Using third party libraries for productivity gains in software development is common. Unfortunately, along with the library's functionality we also import its bugs. Some of them get fixed in subsequent releases. So, to upgrade or not to upgrade, this is the question.

I am interested in learning from experiences when upgrading to a newer version of the library was desirable, but after a cost/benefit analysis the conclusion was that upgrading was not a good solution "in the grand scheme of things". I am interested in finding out what forces influence the decision towards not upgrading.

  • 1
    I don't see how you can predict ahead of time whether a newer version of a library will introduce bugs, incompatibilities or other problems, other than to evaluate in a general way the reliability of the vendor. You have to balance the risk of introducing a bug against the opportunity cost of keeping the existing version. Commented Jan 23, 2014 at 18:22
  • seems you already know the answer. It's pretty much what you said: cost benefit analysis. Trade off between benefit from new features vs. (risk of unknown bugs x potential cost of those bugs + cost of known bugs). Depending on how critical the library is to your product, risk of bugs will probably translate into how heavy you need to retest your product, so that's a more tangible cost to your time.
    – DXM
    Commented Jan 23, 2014 at 18:22
  • Usually the decision to not upgrade comes from someone who ran a test with their code using the upgrade and found that it introduced a visible/noticeable/non-trivial problem. Sometimes the decisions to not upgrade comes from a vendor of a different third-party component who has not yet certified their component with the component in question. Commented Jan 23, 2014 at 18:27
  • @RobertHarvey,thank you for your comment. Reliability in what sense? What would I look at if I were to assess this, other than, say, how many commits have been issued lately to know that it is still maintained?
    – Mircea
    Commented Jan 23, 2014 at 22:37
  • The number of recent commits that a library has had has no bearing on a library's reliability or support. If anything, a well-maintained, stable library should have fewer recent commits, not more. This is one of the most common logical fallacies about libraries: if it hasn't got a recent commit, then it must be dead. Commented Jan 23, 2014 at 22:42

2 Answers 2


The short answer is that the new version could introduce new bugs, as Robert Harvey mentioned in the comments.

To be honest, I think you are approaching this the wrong way. In my experience, the better approach is to default to sticking with the version you have. Presumably, your team has already tested the version you use and how it integrates with your system. If not, then your clients have.

Sure, when a new version comes out, your team should see if it addresses any bugs you have encountered, provides features you could take advantage of, or improves overall performance. Only after running it through testing again should you actually start using it.

The problem with approaching upgrades as something which is done by default and only halted if someone finds a problem is that it is too easy to become lax on the vetting process. Eventually, this will bite you when a new version introduces new issues.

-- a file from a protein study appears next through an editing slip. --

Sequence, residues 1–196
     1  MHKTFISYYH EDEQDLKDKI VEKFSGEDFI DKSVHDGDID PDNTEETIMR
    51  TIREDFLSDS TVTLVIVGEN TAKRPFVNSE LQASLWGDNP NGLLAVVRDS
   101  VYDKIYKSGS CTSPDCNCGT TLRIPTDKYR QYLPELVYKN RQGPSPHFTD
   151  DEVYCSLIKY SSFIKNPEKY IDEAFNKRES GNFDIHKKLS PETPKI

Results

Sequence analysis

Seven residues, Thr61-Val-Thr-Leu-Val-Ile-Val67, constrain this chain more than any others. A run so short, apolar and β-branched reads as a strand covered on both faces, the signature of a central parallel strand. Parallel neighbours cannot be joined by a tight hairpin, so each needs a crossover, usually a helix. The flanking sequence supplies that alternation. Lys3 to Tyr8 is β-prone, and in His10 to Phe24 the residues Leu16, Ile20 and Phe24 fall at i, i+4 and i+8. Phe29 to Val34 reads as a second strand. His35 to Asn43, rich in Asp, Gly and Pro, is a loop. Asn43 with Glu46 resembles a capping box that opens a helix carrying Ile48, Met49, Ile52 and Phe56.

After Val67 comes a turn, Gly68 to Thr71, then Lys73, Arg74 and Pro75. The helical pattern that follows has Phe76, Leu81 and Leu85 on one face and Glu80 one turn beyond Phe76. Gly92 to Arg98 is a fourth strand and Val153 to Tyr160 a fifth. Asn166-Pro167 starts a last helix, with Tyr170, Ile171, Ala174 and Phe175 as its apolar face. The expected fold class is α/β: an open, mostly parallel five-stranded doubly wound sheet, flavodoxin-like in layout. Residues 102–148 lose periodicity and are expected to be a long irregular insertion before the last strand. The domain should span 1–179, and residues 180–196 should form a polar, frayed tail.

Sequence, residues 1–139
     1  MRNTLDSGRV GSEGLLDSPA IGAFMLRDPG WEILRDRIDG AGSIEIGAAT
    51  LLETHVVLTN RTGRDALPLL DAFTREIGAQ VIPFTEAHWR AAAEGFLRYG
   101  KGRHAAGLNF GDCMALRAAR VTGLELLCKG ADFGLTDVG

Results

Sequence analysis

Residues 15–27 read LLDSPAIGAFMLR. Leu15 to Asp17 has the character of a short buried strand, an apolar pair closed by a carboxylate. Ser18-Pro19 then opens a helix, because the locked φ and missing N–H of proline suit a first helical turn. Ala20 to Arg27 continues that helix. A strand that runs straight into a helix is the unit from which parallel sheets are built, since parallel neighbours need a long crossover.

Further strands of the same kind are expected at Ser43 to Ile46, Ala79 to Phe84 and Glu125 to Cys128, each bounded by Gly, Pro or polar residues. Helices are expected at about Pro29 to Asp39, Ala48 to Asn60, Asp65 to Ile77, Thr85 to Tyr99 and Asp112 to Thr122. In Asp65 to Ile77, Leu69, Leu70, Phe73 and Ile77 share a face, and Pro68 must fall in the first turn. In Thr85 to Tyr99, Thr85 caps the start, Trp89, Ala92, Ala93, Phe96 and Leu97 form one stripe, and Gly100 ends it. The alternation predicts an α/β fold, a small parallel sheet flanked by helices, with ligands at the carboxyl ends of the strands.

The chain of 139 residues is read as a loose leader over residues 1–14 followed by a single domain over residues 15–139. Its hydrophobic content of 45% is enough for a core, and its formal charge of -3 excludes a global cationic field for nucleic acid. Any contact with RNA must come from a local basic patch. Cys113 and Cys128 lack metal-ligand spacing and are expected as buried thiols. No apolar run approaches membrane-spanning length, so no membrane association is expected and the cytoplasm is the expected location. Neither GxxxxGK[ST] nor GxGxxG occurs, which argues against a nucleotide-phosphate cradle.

If you stick with the version you have, you know that the overall system behavior will not change.

  • 2
    +1 if it ain't broke don't fix it or add something I really want. We've all worked with some "nice to have" tools that if the upgrade causes major problems, you either roll it back or do without.
    – JeffO
    Commented Jan 23, 2014 at 19:05
  • +1, in addition, new versions often mean slight differences in usage (new parameters, new requirements), which may mean additional effort on your part to keep things functional. Commented Jan 23, 2014 at 20:59

To answer, let me first turn the question around on the need to upgrade.

If you never upgrade, over time you are stuck on an outdated version and will find bugs in your system that results from bugs in the library that have been fixed in later versions.

Assuming that you are continuing to develop your system, and the relevant library is of any size of complexity, sooner or later it will be worth upgrading. I.e. the cost of retesting justifies the benefit of the remaining on the latest version.

So, you may not need to upgrade if these assumptions fail.


  1. You are not actively your application.
  2. The library has minimal changes, perhaps only changes to specific problems that you know are not relevant to you.

It's more complex that this, as (2) is a moving target. With each library version that comes out, the accumulated change increases and hence the likely value (as well as risk and testing requirements).

Note that if you delay upgrade a long time "because so far none of the fixes matter to me", then when you do upgrade you may find it much harder due to accumulated impact.

Further, you may have multiple third party libraries that may require upgrade and retest from time to time. One approach is to review and consider upgrade of all third party libraries once per year (or whatever period), and execute the upgrade within a single project, allowing a single full system regression test. This might include upgrade to compiler or operating as well.

Finally, any risk in an upgrade will be inverse to the amount of automated testing in place. If you have very little (relevant to the library) and need to do a lot of manual testing you need more benefit to justify the upgrade cost.

So for example, upgrading a user interface library which requires extensive GUI retest is different to upgrading an XML lib which reads in a few files amenable an automated test.

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